It's enough to make me give up buying anything new.

And the treacly call for a united front to combat piracy...I'm not sure that readers and authors can or should present a united front.  Readers can help combat piracy, sure, but readers' interests in the share-ability or transfer of books and ebooks are different from those of authors.

Third: holy god, I read a teaser sample of an ebook last week that was horrendous.  In the sample, which contained one short story and part of a second and was probably the equivalent of 10 printed pages, I noticed the following:
  • a boarder between Texas and New Mexico (hmm, really, not a border?)
  • a burm (instead of berm)
  • who's for whose (completely different parts of speech!)
  • you for your
  • utter lack of direct address commas
  • lack of commas to signal/separate clauses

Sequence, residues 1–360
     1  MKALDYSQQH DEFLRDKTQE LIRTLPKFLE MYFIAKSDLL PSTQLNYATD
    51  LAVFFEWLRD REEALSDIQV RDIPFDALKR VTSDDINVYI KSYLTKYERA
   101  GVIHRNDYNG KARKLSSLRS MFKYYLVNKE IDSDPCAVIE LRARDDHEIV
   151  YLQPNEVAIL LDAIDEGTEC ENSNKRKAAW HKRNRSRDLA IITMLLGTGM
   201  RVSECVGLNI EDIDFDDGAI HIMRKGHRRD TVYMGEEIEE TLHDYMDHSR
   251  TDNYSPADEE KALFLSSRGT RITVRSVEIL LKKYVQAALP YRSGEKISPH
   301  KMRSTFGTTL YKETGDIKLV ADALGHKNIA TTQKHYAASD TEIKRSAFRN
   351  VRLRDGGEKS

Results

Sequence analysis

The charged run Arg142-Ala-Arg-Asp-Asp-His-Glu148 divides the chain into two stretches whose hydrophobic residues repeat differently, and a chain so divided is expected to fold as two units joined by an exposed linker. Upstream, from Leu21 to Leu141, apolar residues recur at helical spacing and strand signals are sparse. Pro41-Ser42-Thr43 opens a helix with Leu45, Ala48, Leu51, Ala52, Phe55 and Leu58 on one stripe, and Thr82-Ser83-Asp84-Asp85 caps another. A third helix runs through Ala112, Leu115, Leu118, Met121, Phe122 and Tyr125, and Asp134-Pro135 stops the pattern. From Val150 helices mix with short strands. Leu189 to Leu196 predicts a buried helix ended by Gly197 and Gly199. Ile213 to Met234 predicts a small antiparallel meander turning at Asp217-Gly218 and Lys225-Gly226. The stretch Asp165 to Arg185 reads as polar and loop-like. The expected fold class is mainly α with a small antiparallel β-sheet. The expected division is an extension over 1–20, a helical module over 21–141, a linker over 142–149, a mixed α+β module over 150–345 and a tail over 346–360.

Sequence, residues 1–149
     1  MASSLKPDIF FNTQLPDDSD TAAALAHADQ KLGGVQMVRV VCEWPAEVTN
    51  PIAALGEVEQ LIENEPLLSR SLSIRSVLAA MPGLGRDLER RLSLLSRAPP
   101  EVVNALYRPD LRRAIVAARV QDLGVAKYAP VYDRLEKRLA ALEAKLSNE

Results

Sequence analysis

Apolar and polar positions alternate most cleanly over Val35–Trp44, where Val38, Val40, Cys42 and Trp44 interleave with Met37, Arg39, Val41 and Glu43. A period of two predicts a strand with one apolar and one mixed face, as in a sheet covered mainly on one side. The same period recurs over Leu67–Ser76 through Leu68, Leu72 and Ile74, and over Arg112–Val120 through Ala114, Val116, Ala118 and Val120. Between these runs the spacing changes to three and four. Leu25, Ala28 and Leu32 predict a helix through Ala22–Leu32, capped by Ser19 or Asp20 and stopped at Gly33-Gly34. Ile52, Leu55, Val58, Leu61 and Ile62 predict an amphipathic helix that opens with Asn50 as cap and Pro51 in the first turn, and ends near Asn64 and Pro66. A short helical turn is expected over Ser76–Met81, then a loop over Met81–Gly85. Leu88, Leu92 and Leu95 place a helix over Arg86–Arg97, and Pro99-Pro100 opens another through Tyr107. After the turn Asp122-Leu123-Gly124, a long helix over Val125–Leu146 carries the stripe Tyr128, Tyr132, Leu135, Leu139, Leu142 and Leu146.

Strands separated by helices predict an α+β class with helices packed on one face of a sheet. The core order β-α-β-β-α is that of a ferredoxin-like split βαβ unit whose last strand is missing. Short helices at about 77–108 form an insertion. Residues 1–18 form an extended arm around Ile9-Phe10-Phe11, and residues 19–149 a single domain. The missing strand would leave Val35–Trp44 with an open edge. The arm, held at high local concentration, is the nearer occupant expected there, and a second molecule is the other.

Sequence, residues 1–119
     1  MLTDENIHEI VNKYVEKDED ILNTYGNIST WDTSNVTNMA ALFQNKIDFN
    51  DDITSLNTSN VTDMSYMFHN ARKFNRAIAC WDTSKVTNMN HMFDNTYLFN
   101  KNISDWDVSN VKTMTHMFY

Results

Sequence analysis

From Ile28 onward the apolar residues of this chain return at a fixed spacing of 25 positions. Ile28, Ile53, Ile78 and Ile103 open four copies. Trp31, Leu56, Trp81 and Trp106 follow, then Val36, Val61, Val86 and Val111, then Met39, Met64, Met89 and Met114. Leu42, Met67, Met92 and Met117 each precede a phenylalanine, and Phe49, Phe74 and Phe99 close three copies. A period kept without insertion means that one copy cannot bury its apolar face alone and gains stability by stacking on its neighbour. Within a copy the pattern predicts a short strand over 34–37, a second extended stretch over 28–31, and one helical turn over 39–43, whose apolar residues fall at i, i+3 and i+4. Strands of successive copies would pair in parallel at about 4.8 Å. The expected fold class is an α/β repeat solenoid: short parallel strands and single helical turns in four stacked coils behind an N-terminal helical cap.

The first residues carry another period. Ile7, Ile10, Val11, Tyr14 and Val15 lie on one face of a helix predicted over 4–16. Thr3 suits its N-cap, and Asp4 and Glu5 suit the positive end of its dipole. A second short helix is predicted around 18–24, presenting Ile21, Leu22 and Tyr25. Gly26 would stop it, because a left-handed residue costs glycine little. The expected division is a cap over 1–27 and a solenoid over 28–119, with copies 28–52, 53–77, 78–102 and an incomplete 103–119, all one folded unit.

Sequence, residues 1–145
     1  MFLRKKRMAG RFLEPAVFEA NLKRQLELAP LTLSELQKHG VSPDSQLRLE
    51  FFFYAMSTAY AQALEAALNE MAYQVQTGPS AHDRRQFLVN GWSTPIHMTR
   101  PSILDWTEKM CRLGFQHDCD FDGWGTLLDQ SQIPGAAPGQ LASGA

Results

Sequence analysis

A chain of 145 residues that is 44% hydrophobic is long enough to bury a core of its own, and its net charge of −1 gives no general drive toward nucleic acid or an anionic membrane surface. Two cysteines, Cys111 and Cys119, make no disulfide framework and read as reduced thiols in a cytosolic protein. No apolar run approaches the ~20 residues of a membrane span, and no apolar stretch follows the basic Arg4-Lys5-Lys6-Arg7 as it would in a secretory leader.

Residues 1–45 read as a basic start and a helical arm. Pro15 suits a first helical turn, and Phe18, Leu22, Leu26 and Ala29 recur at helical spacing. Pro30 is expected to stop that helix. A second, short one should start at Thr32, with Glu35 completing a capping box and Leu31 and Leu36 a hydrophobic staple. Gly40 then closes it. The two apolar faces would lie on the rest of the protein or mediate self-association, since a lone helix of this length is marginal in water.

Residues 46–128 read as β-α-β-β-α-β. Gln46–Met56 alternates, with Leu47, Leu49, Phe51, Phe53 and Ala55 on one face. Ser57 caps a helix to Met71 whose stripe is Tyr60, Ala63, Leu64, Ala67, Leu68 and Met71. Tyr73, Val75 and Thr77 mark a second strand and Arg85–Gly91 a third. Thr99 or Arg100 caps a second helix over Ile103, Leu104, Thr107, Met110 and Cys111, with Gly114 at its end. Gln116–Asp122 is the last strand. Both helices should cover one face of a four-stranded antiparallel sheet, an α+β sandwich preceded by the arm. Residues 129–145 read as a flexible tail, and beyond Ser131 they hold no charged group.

The scary thing was that this was a compilation of a bunch of previously-released short stories.  So despite two opportunities for an editor to catch any of these spelling and grammar errors, they still made it to the final, published version.  Which makes me wonder:  did anyone edit this?  If they did, what must the original submission have looked like?

A sample like this is NOT going to sell ebooks.   [No, I didn't buy the book to finish reading it.]

Beyond that, I downloaded this sample because of a review that gave the anthology a good grade.  There was *no* mention of the sloppiness, which makes me wonder about how reliable this reviewer is, in terms of matching her taste to mine. 

Last and not least, just to see if anyone is paying attention:  K.A. Mitchell's Collision Course is out in trade paperback.  In honor of the release and one of the accident-prone heroes, the first person (located in USA or Canada, pls) to comment including their klutziest moment ever will get a copy of the book.

(Anti-FTC warning: any book mentioned in this post was purchased by me, or sampled via the Amazon TOS, or borrowed from the library.  The book I'm giving away will be purchased via an online bookseller and shipped directly.)

Also, because I watched the Root/Hinds version of Persuasion this past weekend:  A viscountess, she is a viscountess!
jmc_bks: (jediowl's LMB bafflement)